Network management tools serve small business
- By J.B. Miles
- Oct 24, 2003
Recent changes in the structure of network management software could be a boon for buyers looking for better performance and prices.
Vendors are adopting modular software designs that make the programs more appealing to users who, up to now, might have been turned off by the expense or setup difficulties.
The focus of this guide is on scalable, midrange products for small to midsize organizations.
Well-known enterprise network frameworks, such as BMC Software Inc.'s Patrol Enterprise Manager, Computer Associates International Inc.'s Unicenter, Hewlett-Packard Co.'s OpenView and IBM Corp.'s Tivoli, were built around the requirements of Fortune 500 companies and offer a full array of programs and services for organizations able to afford them.
These full-service programs generally are able to deliver what they promise, but they are expensive to buy and maintain. In addition to initial outlays of up to hundreds of thousands of dollars, customers can expect to spend thousands more annually on maintenance fees, training programs and salaries for highly trained technicians to keep the programs running.
By breaking down their products into modules that can be installed independently and even integrated with other vendors' products, the "Big Four" figured they can attract more users while maintaining a strong base of customers requiring a comprehensive approach to network management.
At the other end of the scale, vendors of small management tool kits and single-solution "point" programs also are redeveloping and expanding their programs into modularized minisuites.
And within the past year or so, market demands have given rise to a variety of midrange network management products, such as Concord Communications' eHealth-Network, Heroix Corp.'s eQ Management Suite, Ipswitch Inc.'s WhatsUp Gold, Lucent Technologies' VitalSuite, Micromuse Inc.'s Netcool 3.5 and Tavve Software's eNMS 2.2 Suite.
They lack the full functionality of Unicenter or OpenView, but their growing popularity has helped put the squeeze on the Big Four to go modular.
To the direct benefit of users, midrange network management programs are relatively inexpensive and can be used right out of the box. Enterprises can use them to solve specific problems, and smaller organizations can afford to combine the modules of one or more vendors to handle different aspects of their growing networks.
By themselves, midrange suites can handle most, if not all, the network management requirements of small to midsize organizations. But even very large organizations using one of the Big Four framework systems can select modules from any of these smaller suites to round out their arsenal.
This guide offers a listing of some available network management programs. For more complete listings, you can check out the DMOZ Open Directory Project at www.dmoz.org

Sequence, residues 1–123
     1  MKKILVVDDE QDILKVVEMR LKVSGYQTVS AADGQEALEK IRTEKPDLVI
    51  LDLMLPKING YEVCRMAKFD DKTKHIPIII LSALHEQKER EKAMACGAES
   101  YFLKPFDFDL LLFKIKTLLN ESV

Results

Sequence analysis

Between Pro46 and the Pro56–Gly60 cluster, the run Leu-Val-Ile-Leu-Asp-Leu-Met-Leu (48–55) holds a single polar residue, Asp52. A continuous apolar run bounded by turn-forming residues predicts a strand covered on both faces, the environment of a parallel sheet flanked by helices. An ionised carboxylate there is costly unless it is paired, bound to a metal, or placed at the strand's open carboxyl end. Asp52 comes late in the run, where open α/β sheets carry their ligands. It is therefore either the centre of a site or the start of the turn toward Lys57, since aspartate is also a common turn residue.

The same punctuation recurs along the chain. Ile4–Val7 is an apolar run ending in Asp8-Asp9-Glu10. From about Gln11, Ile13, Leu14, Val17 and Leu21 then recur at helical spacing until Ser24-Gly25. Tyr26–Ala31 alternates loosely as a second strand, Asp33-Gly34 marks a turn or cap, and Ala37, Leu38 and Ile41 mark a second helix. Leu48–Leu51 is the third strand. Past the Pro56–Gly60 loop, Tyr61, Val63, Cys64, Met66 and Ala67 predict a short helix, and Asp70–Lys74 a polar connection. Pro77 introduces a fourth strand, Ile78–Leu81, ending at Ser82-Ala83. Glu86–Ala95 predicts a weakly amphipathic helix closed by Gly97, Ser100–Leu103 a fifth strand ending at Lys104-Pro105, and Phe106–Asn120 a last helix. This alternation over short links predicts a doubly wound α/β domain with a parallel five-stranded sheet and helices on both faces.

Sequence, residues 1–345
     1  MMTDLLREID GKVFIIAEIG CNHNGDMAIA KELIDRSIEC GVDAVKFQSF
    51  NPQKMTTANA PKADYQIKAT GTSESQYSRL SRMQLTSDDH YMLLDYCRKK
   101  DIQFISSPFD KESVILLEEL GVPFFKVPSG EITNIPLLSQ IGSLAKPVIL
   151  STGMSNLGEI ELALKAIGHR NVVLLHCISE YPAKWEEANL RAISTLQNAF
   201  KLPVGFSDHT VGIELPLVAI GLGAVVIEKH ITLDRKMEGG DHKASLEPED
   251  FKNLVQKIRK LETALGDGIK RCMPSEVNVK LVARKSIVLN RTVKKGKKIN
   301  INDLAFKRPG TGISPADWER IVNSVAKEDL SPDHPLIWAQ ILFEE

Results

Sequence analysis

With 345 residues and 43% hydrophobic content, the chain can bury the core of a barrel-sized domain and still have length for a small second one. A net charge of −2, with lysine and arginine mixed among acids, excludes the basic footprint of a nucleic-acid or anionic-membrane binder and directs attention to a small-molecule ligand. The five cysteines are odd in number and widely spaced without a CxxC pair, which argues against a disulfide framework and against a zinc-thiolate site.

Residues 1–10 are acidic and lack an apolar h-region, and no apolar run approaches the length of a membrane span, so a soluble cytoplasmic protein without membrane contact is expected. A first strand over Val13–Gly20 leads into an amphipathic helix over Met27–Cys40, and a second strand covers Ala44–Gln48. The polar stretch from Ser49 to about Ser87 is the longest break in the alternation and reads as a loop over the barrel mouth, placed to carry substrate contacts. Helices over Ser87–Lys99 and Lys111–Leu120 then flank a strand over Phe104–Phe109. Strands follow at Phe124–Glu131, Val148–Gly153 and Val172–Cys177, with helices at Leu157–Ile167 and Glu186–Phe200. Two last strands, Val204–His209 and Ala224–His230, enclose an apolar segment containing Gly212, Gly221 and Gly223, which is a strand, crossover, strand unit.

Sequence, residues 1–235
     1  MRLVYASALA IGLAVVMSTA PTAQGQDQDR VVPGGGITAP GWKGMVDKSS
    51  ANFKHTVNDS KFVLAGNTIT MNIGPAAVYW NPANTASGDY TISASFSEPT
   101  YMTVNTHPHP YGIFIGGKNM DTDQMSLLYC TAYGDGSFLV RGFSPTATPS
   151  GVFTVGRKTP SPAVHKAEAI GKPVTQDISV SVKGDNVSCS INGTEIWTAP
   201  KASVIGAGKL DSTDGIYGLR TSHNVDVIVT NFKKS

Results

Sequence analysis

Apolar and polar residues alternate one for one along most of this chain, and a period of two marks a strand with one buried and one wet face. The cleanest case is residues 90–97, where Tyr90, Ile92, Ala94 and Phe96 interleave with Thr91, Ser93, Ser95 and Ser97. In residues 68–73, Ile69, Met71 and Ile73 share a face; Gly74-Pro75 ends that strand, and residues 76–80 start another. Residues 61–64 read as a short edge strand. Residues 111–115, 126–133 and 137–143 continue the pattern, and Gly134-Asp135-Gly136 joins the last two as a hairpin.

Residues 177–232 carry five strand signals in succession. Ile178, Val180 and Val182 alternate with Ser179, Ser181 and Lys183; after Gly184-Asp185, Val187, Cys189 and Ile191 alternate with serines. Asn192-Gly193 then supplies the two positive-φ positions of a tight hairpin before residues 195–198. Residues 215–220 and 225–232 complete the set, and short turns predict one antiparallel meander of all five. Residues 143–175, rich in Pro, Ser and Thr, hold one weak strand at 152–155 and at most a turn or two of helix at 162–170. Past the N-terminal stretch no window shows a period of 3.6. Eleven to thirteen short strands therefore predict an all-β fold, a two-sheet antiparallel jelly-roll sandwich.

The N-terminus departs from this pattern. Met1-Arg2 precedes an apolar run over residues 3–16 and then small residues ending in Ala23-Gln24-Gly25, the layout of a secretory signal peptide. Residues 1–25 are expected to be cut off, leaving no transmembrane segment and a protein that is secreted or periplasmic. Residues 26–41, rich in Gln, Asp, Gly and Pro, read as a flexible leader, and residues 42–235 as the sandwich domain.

, or do a quick Web search using the term "network management software" or other related terms.
But few, if any, general Web searches will give you listings of modularized midrange software, the main focus of this guide. To find them, you'll have to work the hard way: check out the listings program by program, and download the specifications of the ones that interest you. Then call the vendor for more information if you need it.
To get you started, I have sifted through more than 100 NMS software products, including the major framework suites, to come up with 20 midrange modularized suites that show the most promise for meeting the requirements of the largest number of users.
Each will give you a decent array of features that are reasonably priced in most cases. Their modules can be integrated into other programs, including other midrange suites or even the Big Four framework suites. And in some cases, they just might have all the features you need.
Feature-by-feature comparisons don't hold up with network management software suites, so you'll have to develop your own criteria. Carefully read the overviews of each product downloaded from the vendor's Web site. Eliminate products with statements of objectives that don't closely match your own.
If a product looks like a match, review its set of features. These may or may not be available in modules, but in combination they will give you a clear idea of what the software is intended to do.
By the time you have read the specifications of 20 or 30 products, you should be able to whittle your master list down to about five. At this point, check the specifications even more closely, and cut the list to one or two.
Now it is time to talk to the vendors.
Ask about bulk prices, license fees, warranty information and anything else you can think of. Get a copy of the software to test before you buy. Remember, no question is too dumb or outrageous to ask. It's your nickel. nJ.B. Miles of Honomu, Hawaii, writes about communications and computers. E-mail him at email@example.com